For many people, one of the most dreaded things about the holiday season is not the fear of being a Scrooge. It’s just the reverse—the temptation to overspend. It’s easy to think, just one more toy for the little ones, or an extra pair of gloves, or the perfect earrings…and somehow during the holiday whirl we load up a bucket of debt. When the credit card bills start arriving in January, the last of the holiday happiness is officially doused, and it may feel like Scrooge got off easy by just having a few otherworldly visitations.
Holiday debt is much easier to get into than out of and can affect your finances through the first quarter of the year, or even longer. The average American household spends over $800 each holiday season on presents alone, and when you add in decorations, entertaining costs, travel, shipping, extra food and drink, and all of the other extras associated with this season, it’s easy to see how debt can creep in. The good news is that you have the power to plan for a perfectly budgeted holiday season.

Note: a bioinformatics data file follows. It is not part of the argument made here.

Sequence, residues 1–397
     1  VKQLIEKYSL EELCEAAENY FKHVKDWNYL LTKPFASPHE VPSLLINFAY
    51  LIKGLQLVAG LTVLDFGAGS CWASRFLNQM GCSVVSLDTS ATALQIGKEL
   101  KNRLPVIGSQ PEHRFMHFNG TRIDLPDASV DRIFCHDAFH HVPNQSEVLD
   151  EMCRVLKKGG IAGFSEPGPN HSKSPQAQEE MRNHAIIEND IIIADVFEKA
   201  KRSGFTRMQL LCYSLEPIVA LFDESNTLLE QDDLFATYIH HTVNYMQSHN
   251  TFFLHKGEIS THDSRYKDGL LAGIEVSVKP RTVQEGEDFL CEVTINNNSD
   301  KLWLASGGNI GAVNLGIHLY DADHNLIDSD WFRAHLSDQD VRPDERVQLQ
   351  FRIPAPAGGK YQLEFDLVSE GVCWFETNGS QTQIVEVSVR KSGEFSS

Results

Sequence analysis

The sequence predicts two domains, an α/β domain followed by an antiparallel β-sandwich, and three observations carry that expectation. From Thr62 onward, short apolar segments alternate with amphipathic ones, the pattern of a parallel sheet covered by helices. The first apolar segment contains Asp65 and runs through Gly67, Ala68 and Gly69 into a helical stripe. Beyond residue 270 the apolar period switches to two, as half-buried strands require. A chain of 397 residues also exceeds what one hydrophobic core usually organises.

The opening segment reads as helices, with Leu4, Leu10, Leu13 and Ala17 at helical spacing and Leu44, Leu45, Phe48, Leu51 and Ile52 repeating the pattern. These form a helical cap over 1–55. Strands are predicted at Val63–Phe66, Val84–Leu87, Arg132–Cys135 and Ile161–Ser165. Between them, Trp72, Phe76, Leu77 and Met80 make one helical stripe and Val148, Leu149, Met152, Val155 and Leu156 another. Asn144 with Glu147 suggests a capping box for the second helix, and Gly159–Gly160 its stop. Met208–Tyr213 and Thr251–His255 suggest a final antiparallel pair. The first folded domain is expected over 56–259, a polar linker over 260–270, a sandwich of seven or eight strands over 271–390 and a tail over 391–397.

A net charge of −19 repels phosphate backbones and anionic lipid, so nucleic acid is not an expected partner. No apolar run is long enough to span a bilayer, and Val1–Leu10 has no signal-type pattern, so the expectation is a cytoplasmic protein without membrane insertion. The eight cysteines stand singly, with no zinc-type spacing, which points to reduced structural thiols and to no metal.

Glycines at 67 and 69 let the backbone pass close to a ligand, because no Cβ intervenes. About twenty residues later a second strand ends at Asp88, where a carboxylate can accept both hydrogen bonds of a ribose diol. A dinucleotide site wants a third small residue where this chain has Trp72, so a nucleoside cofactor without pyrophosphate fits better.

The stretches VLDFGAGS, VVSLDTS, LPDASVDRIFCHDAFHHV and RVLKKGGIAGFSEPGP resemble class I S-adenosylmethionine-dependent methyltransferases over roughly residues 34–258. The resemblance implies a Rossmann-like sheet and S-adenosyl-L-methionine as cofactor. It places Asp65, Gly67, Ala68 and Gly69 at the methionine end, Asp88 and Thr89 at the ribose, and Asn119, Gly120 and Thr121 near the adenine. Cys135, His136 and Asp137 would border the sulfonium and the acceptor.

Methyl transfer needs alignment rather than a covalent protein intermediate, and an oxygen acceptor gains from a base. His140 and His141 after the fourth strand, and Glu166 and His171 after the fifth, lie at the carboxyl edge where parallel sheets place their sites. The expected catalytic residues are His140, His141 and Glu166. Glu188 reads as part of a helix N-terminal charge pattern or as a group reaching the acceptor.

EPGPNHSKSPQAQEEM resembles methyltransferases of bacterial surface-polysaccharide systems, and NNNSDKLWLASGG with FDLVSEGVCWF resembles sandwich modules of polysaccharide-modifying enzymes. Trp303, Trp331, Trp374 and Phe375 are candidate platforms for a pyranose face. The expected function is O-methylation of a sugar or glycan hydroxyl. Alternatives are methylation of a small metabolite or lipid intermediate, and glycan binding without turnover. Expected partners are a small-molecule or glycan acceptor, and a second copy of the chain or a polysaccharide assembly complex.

Here are five tips to prepare financially for the holidays:
1. Find a few places to cut back on spending and add your savings to your holiday fund. Everyone has someplace they can trim a bit—maybe it’s dining out less, cutting back on entertainment, or serving coffee and dessert at some of your holiday parties instead of providing a full dinner.
2. Commit to a cash-only Christmas. Don’t use credit cards for holiday spending. If you’re tempted to overspend, limit shopping times to just a few days during the season.
3. Plan a holiday checklist of tasks to accomplish and purchases to make, and keep your lists in your planner so they’re easy to access. On your gift list, make a note of gifts you purchase so you can avoid doubling up on gifts or forgetting some until the last minute.
4. Establish reasonable expectations in your children. Instead of asking for a long wish list, ask children to focus on just one or two things they’d like most.
5. Find a few fun activities you can do with family and friends this holiday season that don’t involve spending money. Attend a holiday concert, drive around to see lights, make homemade ornaments, or find a way to serve in your community. Having a few free (or low cost) activities scheduled into your calendar is one great way to stretch the budget this month.
As you begin the holiday season, remind yourself that spending money is not the only way to show love, friendship, or appreciation. Preparing a solid holiday budget and sticking with it will see you through the season and into a cheerful January free of credit card regret. And that’s something even Dickens would approve of.